JAFFA, Israel ((JEWISH REVIEW)) — The Hebrew lyrics for an Israeli sandwich shop ad don’t sound quite like a typical Israeli night club anthem.
“Kebab, merguez sausage, shakshuka/Vegetables and onion are always interesting…Now that you’ve eaten a baguette with soul/you will definitely be back,” the song goes.
But “Omelette Bread in Netanya,” the song in an ad for a shop of the same name in the coastal city, has gone viral in Israel, racking up millions of views on TikTok and spawning hundreds of spin-offs, parodies, and restaurant review videos. It is being played at trance parties, weddings and in the heads of millions of unassuming social media scrollers.
“Omelette bread” is a direct translation, but it refers to an omelette sandwich, which is popular in Israel.
The kiosk’s owner, Vicky Ezra — the man who, if the song is to be believed, “puts his love into the baguette” — wasn’t always a sandwich connoisseur. Before falling sick with COVID-19 during Israel’s first wave in March 2020, Ezra was a successful real estate businessman. Ezra was put into an induced coma and only regained consciousness two and a half weeks later. He told Israel’s Channel 12 that he was sure he was going to die.
During his lengthy rehabilitation, he was haunted by nightmares and decided he couldn’t return to his former business. He bought the modest-sized shop as an inheritance for his son, Moriel.
The song was made not so much as a marketing ploy, but more to make Ezra happy, the Channel 12 report said, citing his family’s musical background.
In a clip shared on Omelette Bread’s TikTok account — which was opened as a result of the song and has since garnered more than half a million likes — the singer, Avi Levy, says the tune was written in 10 minutes. The clip ends with Levy quipping that he hopes the song’s popularity will draw enough fans to fill Caesarea Amphitheatre, one of Israel’s largest performance venues.
What Levy doesn’t mention is that “Omelette Bread in Netanya” is actually a cover of a Greek song, “To Diamerisma,” by folk legend Vasilis Karras.
Levy is not alone in adapting songs from Greek artists.That process has been a phenomenon in Israeli music for at least the past 60 years, according to Yasmin Ishbi, the chief music editor for Galgalatz, Israel’s most-listened to music station.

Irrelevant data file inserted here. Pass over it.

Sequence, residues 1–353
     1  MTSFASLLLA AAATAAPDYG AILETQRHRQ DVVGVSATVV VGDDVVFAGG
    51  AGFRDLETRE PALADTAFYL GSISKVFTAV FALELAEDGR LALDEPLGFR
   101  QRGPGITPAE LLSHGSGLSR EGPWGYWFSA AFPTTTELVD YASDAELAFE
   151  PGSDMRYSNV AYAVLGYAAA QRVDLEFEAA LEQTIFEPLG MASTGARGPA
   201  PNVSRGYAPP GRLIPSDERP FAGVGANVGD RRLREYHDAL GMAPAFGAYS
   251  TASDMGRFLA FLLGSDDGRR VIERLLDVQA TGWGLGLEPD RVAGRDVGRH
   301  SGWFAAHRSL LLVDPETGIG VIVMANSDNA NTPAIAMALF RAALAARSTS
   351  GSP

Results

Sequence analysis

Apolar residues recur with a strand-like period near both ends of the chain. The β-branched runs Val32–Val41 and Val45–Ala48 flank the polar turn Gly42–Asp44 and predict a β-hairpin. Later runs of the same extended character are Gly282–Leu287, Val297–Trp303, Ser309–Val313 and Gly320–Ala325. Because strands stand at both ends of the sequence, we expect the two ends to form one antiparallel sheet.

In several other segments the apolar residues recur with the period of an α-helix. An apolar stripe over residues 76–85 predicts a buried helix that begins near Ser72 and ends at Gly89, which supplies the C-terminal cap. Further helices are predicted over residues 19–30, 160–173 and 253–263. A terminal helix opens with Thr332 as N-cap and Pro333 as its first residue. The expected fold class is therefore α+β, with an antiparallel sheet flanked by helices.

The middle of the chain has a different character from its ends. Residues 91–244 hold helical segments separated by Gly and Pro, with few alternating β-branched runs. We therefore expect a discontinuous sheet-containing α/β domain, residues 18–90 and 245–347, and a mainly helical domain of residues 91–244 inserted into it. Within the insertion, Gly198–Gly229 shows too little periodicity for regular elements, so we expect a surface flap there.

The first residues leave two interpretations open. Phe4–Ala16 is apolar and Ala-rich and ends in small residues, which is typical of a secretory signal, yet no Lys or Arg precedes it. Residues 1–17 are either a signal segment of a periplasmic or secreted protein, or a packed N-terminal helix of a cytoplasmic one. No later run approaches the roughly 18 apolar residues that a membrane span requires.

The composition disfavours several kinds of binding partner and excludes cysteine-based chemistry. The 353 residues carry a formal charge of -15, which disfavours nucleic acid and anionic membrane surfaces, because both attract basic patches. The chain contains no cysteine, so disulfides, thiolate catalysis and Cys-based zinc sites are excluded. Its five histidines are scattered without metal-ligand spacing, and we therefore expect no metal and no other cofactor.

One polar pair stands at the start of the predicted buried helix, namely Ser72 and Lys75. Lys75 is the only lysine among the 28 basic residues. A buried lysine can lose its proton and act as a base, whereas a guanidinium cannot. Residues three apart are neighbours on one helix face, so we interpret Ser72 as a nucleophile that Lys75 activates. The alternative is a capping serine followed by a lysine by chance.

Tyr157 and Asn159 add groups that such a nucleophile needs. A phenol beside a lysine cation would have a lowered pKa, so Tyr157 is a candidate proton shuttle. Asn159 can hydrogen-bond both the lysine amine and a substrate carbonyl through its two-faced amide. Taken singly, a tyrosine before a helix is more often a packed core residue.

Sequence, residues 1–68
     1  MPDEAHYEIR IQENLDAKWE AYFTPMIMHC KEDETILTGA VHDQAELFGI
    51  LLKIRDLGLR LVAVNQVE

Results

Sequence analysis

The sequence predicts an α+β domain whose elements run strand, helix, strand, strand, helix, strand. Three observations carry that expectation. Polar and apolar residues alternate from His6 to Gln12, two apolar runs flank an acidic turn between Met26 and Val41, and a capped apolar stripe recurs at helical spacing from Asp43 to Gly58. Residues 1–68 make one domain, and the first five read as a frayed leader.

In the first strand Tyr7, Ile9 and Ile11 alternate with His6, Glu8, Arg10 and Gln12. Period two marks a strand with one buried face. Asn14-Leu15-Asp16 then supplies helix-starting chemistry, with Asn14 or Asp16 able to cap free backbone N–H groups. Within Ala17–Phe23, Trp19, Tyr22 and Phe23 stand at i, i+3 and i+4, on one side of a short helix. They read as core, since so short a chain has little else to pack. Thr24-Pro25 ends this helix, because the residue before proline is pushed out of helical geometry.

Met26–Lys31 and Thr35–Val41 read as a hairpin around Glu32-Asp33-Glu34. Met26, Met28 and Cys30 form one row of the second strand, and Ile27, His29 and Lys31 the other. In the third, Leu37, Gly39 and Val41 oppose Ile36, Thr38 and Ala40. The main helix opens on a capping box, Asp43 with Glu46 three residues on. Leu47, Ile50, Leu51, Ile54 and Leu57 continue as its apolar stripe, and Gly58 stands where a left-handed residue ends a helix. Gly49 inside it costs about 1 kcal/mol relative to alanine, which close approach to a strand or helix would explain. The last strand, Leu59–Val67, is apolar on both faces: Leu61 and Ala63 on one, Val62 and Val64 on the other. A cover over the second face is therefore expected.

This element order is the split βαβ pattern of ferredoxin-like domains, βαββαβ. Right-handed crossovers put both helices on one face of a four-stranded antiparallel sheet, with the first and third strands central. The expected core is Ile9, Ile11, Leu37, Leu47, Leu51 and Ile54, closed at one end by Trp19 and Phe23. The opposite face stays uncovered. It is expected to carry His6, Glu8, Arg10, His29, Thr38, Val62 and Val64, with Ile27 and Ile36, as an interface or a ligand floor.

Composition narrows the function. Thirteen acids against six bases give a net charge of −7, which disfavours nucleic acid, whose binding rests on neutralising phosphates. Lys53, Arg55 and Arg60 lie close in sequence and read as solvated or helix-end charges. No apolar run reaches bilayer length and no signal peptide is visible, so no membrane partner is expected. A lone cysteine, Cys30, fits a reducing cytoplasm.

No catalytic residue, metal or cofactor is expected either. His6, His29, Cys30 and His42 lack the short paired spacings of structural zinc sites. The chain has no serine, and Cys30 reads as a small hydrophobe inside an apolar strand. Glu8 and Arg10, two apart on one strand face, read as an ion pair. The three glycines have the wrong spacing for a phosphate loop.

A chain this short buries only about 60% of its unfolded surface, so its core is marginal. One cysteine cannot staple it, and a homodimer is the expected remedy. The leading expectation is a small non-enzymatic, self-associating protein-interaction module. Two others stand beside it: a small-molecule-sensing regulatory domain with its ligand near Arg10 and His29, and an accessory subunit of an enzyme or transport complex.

“Many of the hits from the 1970s, 80s and 90s were actually Greek songs that went through giyur,” Ishbi told the Jewish Telegraphic Agency, referring to the Jewish conversion process. She cited music icons Arik Einstein and Yehuda Poliker among hundreds of Israeli musicians who remade Greek songs.
The Greek Jewish community is relatively small, as so many Greek Jews had been wiped out during the Holocaust — so the impact of Greek music on Israeli music, especially for Mizrahi Israelis, Ishbi said, is vastly outsized. Greek songs “filled the void” of culture in the country’s early days, before Israel cultivated its own music style.
“It was lighter than the music coming out of Arab countries, and because it had one foot in the West and one foot in East, it acted like a bridge connecting Ashkenazi and Mizrahi immigrants,” Ishbi said. “Many [Mizrahi Jews] were embarrassed by the music they traditionally listened to, like Umm Kulthum and Farid al-Atrash.”
It makes “total sense” that “Omelet Bread in Netanya” was inspired by a Greek song, Ishbi said, because the “melody is just so good.”
“The charming thing about it is that it was done with zero intention to become viral,” she said. “So when you watch it, you laugh at them and their absurd lyrics, but you’re also laughing with them.”